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Intestacy Law in Ontario: Estate Administrator

When someone dies without a will or dies leaving a will that fails to deal with part of the estate, the result is an intestacy.   In Ontario, there are two primary statutes which address intestate estates, including the Succession Law Reform Act (“SLRA”) and the Estates Act.

The Estates Act prescribes who may apply to administer the deceased’s estate. Section 29 of the Act states that priority is given to the “person to whom the deceased was married immediately before death or the person with whom the deceased was living in a conjugal relationship outside marriage immediately before the death.” Following the above, priority is given to the “next of kin.” The next of kin of course includes the following individuals in descending rank:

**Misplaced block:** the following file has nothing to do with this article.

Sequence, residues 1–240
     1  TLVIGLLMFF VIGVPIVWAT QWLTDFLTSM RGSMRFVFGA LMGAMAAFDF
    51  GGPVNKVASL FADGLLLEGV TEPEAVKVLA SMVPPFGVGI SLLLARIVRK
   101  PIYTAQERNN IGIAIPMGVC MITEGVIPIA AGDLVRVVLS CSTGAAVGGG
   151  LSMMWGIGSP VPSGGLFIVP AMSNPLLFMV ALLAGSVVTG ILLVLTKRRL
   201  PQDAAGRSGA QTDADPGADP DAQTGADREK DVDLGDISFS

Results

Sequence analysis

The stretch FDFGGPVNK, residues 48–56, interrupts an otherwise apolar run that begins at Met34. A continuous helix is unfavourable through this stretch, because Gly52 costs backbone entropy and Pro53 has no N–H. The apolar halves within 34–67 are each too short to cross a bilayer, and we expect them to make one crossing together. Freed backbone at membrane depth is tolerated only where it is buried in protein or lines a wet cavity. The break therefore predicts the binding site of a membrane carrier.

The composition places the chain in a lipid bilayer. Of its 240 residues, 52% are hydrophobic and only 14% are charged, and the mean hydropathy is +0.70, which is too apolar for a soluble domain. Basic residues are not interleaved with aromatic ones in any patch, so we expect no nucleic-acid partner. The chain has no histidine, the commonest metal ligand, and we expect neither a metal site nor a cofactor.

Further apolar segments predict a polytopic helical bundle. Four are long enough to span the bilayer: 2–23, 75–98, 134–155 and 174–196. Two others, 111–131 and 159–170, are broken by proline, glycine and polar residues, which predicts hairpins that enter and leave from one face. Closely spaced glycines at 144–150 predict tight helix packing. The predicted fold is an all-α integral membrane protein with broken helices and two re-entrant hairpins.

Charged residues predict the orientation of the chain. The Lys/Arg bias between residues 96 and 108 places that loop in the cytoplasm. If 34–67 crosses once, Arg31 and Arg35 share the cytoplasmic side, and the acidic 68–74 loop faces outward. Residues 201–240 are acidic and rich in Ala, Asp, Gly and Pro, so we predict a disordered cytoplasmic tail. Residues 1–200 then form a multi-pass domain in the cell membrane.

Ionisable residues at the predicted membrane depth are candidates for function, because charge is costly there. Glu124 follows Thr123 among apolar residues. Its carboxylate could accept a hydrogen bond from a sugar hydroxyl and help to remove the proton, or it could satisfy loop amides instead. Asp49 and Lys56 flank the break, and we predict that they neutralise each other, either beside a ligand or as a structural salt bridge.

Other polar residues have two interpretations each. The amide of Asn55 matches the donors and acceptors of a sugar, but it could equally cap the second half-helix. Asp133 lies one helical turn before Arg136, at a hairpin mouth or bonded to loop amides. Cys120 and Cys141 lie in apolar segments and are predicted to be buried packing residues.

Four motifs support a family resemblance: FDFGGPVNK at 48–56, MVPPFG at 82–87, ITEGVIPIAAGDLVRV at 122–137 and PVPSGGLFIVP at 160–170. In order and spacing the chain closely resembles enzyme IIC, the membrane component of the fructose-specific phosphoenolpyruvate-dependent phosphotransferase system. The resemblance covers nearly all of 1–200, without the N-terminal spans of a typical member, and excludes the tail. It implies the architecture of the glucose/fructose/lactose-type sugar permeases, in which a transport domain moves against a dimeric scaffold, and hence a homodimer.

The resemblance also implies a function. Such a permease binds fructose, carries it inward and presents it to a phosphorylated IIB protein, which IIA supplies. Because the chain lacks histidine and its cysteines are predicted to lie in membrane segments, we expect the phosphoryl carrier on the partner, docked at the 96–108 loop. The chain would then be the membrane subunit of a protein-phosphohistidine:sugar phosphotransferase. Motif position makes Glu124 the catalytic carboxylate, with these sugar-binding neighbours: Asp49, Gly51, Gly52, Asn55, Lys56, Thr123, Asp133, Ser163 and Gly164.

• Children

  • Grandchildren (if no living children)

  • Great-grandchildren or other issue

  • Father or mother

  • Siblings

  • Other next of kin

In the event there are no next of kin who are willing and able to act (i.e., adults), section 2 of the Crown Administration of Estates Act provides that the Office of the Public Guardian and Trustee may apply. Alternatively, the next of kin may nominate another third party to act as the administrator, such as a lawyer or a trust company.

In terms of the beneficiaries, the persons entitled to the share of an intestate estate are set out in the SLRA. I will review the relevant terms of the SLRA in my next blog article.

Thanks for reading,

Jason

Jason AllanComment